Uganda Peoples Congress

Mama Miria Excties Mubende

From NEW VISION January 21, 2006

By Apollo Mubiru and Geresom Musamali

Residents cheer Miria Obote as she delivers her speech in Mubende town

UGANDA People’s Congress (UPC) presidential candidate Miria Kalule Obote launched her campaign in the Buganda region on Thursday, with a rally at Kasambya, Mubende district.

However, some people who turned up for the rally at Kasambya abandoned it after a green military pick-up truck, DOIDF 004, with nine soldiers atop drove past. Miria did not comment on the incident.

A fleeing woman said she feared the soldiers would cane her for attending the rally.

The Uganda National Liberation Army (UNLA), under the UPC government of 1980-85, fought the National Resistance Army (NRA) in Mubende, a part of the Luweero Triangle.

Miria criticised the symbols for the other parties as she explained the meaning of her party’s open-palm symbol. This was after some people flushed the NRM and FDC symbols.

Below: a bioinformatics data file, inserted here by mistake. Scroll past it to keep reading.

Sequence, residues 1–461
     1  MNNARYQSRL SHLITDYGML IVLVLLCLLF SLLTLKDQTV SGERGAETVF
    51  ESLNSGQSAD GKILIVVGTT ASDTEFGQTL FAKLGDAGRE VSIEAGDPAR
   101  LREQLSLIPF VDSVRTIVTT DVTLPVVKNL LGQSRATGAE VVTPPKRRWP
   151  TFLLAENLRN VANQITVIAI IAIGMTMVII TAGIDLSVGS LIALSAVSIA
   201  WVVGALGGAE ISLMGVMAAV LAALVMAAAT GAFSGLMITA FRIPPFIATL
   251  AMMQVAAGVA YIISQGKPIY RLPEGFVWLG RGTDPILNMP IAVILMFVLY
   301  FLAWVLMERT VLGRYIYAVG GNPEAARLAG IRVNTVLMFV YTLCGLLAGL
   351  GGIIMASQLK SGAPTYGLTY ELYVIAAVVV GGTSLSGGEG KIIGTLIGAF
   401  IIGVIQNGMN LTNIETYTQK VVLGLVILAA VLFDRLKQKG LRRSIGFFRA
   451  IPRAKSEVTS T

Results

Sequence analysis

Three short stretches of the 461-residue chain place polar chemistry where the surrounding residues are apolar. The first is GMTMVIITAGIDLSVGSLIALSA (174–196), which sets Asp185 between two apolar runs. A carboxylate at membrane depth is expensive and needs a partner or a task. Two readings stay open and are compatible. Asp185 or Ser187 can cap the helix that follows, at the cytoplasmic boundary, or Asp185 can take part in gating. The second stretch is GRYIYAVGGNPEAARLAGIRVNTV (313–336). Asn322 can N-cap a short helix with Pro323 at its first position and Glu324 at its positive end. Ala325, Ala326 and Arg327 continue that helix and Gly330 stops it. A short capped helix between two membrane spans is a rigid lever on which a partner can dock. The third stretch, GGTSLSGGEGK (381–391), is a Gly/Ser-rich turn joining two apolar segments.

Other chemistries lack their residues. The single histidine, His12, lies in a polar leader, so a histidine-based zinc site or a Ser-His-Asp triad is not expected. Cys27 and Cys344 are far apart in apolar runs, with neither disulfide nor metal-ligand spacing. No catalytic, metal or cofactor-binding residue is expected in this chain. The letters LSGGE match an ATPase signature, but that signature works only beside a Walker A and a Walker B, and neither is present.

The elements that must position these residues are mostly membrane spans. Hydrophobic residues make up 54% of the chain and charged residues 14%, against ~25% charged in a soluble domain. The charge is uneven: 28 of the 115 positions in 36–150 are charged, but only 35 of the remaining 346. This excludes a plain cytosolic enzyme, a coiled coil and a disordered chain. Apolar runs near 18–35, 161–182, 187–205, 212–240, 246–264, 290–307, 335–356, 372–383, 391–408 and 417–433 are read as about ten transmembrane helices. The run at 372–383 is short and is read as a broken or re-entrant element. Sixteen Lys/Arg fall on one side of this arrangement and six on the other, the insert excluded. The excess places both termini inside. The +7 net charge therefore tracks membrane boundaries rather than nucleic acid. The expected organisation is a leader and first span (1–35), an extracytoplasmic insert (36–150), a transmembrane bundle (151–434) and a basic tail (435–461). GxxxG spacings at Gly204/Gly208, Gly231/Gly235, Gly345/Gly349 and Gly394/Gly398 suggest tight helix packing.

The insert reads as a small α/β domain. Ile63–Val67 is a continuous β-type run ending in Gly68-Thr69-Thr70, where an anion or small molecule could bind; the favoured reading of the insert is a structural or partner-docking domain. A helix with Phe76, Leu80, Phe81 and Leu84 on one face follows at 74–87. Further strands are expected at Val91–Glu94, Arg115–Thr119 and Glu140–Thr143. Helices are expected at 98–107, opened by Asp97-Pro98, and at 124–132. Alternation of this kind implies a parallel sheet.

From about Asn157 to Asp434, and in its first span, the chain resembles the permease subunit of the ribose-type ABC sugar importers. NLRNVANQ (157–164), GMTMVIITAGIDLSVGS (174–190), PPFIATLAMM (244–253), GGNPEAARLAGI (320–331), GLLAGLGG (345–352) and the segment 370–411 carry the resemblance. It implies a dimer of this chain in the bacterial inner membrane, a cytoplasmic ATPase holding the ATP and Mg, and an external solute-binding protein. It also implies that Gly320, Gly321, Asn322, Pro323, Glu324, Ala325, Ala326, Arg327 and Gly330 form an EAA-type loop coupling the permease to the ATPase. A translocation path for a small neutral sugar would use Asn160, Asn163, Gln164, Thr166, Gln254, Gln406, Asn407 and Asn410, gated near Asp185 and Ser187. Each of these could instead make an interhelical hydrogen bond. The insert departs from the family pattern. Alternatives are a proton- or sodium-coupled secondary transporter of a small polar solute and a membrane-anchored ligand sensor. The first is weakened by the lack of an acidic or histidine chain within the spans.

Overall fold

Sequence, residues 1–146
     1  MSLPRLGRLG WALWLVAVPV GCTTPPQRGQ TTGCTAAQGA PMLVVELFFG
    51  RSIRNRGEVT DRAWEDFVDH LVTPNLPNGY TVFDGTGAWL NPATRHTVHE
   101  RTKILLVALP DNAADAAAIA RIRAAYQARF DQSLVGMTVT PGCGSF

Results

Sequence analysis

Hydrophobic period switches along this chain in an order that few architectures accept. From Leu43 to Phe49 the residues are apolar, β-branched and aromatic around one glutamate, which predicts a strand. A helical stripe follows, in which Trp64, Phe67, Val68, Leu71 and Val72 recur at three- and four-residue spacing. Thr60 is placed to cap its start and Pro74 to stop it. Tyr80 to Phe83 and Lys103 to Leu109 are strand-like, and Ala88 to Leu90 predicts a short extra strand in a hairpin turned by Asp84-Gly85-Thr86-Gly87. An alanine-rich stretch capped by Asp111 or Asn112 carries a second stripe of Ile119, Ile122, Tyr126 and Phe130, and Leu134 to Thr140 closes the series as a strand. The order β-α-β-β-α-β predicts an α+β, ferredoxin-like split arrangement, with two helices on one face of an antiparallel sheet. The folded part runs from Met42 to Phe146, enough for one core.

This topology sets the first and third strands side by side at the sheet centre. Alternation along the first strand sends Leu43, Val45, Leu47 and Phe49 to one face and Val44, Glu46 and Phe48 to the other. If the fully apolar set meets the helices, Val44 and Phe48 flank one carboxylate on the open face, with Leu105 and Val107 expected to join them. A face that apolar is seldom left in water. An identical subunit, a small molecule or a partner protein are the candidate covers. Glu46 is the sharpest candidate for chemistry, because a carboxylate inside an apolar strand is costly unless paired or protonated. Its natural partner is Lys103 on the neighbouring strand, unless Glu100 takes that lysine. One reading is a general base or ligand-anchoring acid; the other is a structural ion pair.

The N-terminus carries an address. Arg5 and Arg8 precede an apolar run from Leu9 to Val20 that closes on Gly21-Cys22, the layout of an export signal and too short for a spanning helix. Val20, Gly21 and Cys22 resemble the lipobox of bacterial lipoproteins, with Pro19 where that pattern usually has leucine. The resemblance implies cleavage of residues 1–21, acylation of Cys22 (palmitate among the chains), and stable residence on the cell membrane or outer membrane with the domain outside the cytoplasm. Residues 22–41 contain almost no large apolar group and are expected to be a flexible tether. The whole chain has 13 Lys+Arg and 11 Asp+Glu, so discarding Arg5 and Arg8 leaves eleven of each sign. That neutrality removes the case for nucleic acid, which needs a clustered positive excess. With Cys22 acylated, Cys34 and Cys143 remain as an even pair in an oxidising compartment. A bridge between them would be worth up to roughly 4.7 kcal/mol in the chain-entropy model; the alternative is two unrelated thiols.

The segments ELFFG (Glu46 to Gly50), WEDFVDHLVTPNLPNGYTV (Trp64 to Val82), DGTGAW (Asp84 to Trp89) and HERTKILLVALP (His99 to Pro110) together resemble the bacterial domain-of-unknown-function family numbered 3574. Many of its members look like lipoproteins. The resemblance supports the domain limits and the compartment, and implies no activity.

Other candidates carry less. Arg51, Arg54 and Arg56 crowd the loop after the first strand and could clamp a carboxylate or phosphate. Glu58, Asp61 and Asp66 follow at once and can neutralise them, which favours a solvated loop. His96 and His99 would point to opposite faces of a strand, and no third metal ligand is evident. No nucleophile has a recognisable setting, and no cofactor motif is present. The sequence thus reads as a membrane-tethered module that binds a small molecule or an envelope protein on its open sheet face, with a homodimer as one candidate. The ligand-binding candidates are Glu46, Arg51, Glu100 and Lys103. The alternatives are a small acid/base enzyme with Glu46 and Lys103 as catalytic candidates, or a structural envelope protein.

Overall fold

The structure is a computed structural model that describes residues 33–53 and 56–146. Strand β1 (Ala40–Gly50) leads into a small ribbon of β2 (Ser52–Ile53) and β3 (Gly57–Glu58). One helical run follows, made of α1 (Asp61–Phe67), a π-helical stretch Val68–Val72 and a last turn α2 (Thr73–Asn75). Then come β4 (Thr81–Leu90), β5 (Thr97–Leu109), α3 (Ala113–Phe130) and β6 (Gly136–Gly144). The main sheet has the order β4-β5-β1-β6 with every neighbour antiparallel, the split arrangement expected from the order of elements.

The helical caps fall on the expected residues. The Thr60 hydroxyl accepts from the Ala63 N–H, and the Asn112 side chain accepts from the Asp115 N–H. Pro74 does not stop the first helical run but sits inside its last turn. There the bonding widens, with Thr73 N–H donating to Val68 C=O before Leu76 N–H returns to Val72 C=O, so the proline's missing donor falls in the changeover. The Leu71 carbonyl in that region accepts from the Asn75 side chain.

“When I come to you, I come with an open hand. When you are greeting your friend, you use the palm. It is a sign of peace,” Miria said.

She described the NRM ‘thumb-up’ sign as a symbol for war.

“What I know about the thumb is that it is used for killing fleas, bedbugs and lice. You cannot use the thumb to reconcile with anybody you wronged. Because it is a symbol for war, that is why the northern war has not ended,” she said.

“Others will come with a V (the FDC symbol of two fingers). That is just a makansi (pair of scissors). A makansi can only cut, kata kata kata, but it cannot sew back the cloth,” she said.

On the Democratic Party symbol, she said, “Some people come waving a fist at you. We are not interested in fighting each other.”

At Mubende Market, huge crowds turned up to listen to her. Police struggled to keep the audience away from the podium in the fully-packed market square.

She appealed to people, especially the women, to vote for her.

“Fellow women, I am a mother like you. This is the only chance you have to vote for a woman president who will have your problems at heart because nowadays, there are many widows and orphans who need to be assisted,” she explained.

On her way back to Kampala, Miria excited roadside sellers at Biwanga by buying their mangoes.

She later addressed a mini-rally at Kiganda Market at 6:33pm, and at Kigalama at 7:00pm.